Difference between Surface Gauss, Pull Strength, and Remanence
Discussing neodymium magnets can sometimes be tedious because several terms refer to different values, all of which contribute to their performance and efficiency. Three of those terms are surface gauss, pull strength, and remanence.
The surface gauss refers to the strength or density of a neodymium magnet right at its surface. If you can get a magnetometer up to its skin, the rating you will get here is the surface gauss, and it can be a good indicator of how well the neodymium magnet will perform in its application.
The surface gauss is usually lesser than the gauss at its core, so it’s essential to measure the surface gauss of the neodymium magnet to ensure its compatibility with the intended application.
The pull strength, as described above, refers to the force required to separate a neodymium magnet from a steel plate. This value depends mainly on the neodymium magnet’s maximum energy product or BHmax, i.e., the sheer strength of the magnetic force the neodymium magnet generates.
A neodymium magnet’s pull force also depends on the neodymium magnet’s shape and size. That is, a larger neodymium magnet will have the capacity to attract objects at a farther distance than a smaller neodymium magnet and will also have a higher pull strength regardless of whether they are of the same rating.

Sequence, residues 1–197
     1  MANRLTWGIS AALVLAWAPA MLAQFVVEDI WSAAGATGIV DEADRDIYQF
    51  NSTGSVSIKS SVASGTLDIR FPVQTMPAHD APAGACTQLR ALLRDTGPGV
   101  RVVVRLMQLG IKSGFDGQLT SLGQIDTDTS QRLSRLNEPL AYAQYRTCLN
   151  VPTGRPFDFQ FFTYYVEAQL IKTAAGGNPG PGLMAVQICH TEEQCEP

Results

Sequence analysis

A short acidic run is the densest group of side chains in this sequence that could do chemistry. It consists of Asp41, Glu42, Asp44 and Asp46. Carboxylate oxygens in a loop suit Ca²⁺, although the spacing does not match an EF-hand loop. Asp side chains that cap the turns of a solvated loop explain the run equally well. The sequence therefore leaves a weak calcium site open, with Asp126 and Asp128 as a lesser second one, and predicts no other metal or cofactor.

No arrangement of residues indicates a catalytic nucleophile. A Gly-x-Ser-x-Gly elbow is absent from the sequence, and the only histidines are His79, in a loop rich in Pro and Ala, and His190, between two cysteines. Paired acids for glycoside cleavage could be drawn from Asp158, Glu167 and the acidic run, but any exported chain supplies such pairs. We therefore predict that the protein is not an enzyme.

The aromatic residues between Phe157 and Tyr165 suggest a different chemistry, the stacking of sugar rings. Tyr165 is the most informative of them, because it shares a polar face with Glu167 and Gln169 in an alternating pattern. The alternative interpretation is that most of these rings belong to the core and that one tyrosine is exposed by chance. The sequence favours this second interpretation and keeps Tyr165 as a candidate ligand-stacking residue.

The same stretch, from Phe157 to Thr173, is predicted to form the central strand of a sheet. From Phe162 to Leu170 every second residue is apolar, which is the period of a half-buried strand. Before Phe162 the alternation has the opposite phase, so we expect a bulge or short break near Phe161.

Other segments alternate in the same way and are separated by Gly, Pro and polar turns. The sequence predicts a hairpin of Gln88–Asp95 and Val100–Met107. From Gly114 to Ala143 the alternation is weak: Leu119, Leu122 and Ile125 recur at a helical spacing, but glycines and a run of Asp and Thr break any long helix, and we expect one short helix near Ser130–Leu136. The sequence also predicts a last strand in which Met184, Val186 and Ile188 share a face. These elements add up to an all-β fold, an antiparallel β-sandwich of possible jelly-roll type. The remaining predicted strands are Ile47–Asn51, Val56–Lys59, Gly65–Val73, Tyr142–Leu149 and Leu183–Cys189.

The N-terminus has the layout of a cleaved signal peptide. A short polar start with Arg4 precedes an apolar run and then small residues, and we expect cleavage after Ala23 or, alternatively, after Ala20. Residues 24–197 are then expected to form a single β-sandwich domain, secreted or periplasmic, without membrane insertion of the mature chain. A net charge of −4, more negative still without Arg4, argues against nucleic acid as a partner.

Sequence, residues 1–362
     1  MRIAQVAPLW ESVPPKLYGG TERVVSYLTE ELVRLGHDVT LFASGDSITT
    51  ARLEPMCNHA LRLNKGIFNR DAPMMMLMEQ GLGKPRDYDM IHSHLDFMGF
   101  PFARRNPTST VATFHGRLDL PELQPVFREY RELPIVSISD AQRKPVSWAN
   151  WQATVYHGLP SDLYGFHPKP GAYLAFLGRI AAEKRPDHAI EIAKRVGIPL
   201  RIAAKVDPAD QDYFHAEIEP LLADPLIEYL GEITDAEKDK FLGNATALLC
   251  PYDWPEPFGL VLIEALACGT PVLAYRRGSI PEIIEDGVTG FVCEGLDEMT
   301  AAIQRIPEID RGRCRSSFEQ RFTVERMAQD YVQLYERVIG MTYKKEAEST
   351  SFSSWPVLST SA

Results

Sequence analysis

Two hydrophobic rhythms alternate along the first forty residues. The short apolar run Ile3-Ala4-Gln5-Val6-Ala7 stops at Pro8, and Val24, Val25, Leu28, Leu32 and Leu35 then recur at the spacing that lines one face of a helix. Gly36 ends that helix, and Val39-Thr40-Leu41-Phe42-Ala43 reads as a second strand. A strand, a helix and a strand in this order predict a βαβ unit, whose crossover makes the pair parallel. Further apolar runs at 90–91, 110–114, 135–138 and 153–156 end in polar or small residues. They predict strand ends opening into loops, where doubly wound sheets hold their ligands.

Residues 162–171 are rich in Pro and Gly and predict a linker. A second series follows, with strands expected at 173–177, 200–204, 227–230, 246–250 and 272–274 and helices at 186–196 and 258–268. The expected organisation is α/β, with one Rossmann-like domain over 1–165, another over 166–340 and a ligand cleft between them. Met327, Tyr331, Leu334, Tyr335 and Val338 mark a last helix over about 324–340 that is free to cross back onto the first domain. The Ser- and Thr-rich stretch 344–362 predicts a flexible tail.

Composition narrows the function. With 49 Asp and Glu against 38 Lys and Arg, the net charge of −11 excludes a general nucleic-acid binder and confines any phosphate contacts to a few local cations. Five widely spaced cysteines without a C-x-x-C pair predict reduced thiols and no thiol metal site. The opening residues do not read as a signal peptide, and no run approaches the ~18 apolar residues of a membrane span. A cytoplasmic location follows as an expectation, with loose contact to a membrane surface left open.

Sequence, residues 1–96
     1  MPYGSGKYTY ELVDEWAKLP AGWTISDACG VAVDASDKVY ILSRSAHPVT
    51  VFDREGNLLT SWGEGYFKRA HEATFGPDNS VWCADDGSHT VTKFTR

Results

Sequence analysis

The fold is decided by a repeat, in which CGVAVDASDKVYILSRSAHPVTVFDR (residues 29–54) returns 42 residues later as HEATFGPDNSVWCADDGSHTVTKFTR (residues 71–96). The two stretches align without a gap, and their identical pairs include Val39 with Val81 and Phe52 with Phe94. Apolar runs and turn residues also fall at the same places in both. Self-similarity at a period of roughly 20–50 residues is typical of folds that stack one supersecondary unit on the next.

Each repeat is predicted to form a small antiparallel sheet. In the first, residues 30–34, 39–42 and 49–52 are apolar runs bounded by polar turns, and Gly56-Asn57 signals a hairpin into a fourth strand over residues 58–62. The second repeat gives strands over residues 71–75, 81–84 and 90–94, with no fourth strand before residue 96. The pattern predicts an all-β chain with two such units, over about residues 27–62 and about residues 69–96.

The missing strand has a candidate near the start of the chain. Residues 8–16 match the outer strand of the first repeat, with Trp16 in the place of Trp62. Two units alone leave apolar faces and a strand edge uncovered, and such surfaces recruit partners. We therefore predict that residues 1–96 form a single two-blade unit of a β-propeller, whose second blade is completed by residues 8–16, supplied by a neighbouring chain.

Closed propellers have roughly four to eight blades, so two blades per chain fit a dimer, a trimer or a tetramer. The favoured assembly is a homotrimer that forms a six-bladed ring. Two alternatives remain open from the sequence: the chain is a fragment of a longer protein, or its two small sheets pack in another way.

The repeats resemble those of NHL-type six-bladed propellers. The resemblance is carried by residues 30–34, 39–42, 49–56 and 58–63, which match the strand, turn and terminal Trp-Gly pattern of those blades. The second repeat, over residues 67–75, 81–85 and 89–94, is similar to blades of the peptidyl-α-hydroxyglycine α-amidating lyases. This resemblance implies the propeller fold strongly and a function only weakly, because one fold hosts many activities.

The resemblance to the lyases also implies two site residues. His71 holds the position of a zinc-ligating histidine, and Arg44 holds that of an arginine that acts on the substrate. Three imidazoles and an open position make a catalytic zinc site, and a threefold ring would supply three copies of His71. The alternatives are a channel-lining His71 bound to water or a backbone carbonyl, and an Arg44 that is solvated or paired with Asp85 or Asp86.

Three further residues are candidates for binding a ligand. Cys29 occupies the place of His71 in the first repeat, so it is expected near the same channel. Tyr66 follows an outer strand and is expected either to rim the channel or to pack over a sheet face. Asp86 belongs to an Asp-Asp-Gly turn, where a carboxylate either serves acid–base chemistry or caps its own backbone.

Certain factors may affect the actual pull force of a neodymium magnet during application. They include the surface of attachment, the permeability of the material, placement of the neodymium magnet, and air gap, which refers to any non-magnetic material between the neodymium magnet and the ferromagnetic material, e.g., coating, paint, foam, wood, paper, and others.
Remanence, derived from the word “remain,” refers to the amount of magnetic field left in a saturated magnetic material after exposure to an external magnetizing field. It is also the residual magnetic induction or residual flux density.
Among neodymium magnets’ qualities are their high remanence and coercivity, i.e., the ability to retain magnetism permanently and high resistance against demagnetization forces. A neodymium magnet’s remanence also determines the strength of its magnetic field because the magnetic field gets weaker as it covers a larger area.